Tourists are resilient, but cautious. After the March knife attack outside the British Parliament and the Manchester bombing in May, Bernard Donoghue, director of London's Association of Leading Visitor Attractions, said that the organization noticed a slight dip in visits to central London attractions. But overall the numbers are strong: an 8 percent increase compared with the same period last year.
"Recovery after the London Bridge attack was within five, six, seven days," he said. "It hasn't had a lasting impact."
VisitLondon and VisitBritain shared the findings of ForwardKeys, which analyzed booking data from this year and 2016. The research company discovered a 19 percent increase in arrivals from the United States to the United Kingdom during the peak travel months of June, July and August.
"London remains a safe city to visit," said Laura Citron, chief executive of London & Partners, which runs VisitLondon, "and people should be reassured that there is an increased police and security presence around London and at the city's visitor attractions."
After the Manchester attacks, the British government raised the threat level to "critical," the country's highest. Four days later, the danger level dropped back to "severe," the new normal since August 2014. The Armed Response Officers retreated to the background, and the Metropolitan Police Service, whose members mainly wear stab-resistant vests and carry extendable batons, returned as the most visible presence on the streets.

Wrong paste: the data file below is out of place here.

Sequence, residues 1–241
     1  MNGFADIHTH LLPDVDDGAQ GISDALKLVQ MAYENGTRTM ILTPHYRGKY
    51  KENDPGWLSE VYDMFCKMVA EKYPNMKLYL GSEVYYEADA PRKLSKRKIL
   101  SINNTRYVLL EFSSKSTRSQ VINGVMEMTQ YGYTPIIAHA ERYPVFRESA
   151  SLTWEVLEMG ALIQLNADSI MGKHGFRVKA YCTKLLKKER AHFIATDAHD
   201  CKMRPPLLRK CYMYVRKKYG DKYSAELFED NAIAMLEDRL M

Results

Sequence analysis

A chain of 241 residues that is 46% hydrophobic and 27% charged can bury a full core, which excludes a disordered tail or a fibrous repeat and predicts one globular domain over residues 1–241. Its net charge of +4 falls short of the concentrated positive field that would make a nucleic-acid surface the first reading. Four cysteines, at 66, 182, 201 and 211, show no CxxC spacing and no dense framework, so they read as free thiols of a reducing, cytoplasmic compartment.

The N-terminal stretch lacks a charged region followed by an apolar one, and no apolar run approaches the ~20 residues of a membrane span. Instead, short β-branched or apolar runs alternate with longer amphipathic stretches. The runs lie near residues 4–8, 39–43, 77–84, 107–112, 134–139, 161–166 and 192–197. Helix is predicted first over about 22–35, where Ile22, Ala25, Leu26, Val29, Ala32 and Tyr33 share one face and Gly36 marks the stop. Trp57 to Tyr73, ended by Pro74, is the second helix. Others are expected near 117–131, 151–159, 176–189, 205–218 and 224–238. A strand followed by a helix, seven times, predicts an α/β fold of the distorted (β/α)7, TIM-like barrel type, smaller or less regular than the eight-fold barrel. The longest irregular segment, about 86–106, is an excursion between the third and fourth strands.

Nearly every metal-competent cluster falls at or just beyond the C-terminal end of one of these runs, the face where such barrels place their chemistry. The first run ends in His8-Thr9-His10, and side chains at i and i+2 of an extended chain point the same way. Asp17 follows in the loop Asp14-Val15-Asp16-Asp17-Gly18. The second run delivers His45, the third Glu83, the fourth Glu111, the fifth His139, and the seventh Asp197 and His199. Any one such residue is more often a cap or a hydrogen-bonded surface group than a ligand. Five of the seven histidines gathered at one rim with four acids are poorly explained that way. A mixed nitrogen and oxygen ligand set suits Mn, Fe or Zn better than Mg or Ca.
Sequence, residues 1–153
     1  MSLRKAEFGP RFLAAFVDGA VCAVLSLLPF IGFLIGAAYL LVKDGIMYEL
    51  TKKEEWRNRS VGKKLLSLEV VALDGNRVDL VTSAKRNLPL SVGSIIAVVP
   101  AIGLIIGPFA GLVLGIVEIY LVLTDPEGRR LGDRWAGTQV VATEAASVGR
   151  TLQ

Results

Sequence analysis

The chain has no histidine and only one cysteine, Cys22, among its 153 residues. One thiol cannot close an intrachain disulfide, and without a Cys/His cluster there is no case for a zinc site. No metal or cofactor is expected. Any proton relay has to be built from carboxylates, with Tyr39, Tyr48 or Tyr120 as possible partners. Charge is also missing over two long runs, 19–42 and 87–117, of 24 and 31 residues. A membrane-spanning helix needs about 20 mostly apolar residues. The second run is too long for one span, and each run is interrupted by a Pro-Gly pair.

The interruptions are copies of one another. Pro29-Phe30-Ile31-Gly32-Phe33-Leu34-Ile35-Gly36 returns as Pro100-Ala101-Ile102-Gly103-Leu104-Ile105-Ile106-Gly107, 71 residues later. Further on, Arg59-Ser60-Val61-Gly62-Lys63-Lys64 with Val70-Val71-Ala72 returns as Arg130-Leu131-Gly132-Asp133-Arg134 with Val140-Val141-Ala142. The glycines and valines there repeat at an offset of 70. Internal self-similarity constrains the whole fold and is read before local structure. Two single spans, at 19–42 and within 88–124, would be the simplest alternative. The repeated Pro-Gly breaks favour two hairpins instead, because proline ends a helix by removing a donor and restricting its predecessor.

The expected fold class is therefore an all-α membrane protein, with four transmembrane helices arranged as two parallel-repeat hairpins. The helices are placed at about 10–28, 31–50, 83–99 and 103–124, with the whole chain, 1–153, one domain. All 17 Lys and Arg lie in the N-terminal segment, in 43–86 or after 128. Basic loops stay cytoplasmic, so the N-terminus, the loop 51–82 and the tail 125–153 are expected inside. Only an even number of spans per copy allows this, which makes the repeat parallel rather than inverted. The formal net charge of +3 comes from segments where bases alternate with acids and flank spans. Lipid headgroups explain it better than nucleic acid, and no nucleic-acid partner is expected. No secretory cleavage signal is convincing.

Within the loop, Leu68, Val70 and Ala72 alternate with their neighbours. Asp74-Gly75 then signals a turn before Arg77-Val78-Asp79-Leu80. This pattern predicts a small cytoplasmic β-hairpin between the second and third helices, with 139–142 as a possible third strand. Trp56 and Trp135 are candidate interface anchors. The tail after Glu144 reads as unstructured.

"We have a history of dealing with security issues," said Donoghue, evoking the troubles with the Irish Republican Army. "The British have a charming, reassuring attitude. We want to live our lives defiantly and deliberately."
But what about the foreign visitor whose lip is more quivering than stiff? Recently, I crossed the Atlantic to find out if an American in London could keep calm and carry on.
Before setting off, I reached out to International SOS for some safety tips. Should I avoid concert halls, bridges, outdoor markets?
Matt Bradley, a regional security director, reminded me of the greater threats to travelers, such as petty crime, traffic accidents and gastrointestinal revolts. "Terrorism remains a low risk to
travelers," he said, "but the increase in attacks, especially in Western Europe, has raised the profile of terrorism for all travelers."
Instead of avoidance, he recommended preparation. "Any location could be a target," he said, "so knowing how to respond in case of an incident is the most important concept."
• Identify a safe location, such as a nearby hotel, where you can seek cover in the event of an attack.
• Keep your phone fully charged, and bring a battery pack as backup.
• Carry a minimal number of items when out exploring.
• Assemble a list of emergency contacts, such as phone numbers for the embassy, your hotel, insurance company and family members.
• For official information, follow the social media accounts of local police and other emergency service providers.
• Remain calm.
"The ability to think clearly is key to responding to an incident," Bradley said.
Mobs of people are inevitable during London's peak summer tourist season. Expect longer queues at top attractions due to enhanced security measures. "People are prepared to show their bags," Donoghue said, "and are readily expecting it and feeling reassured."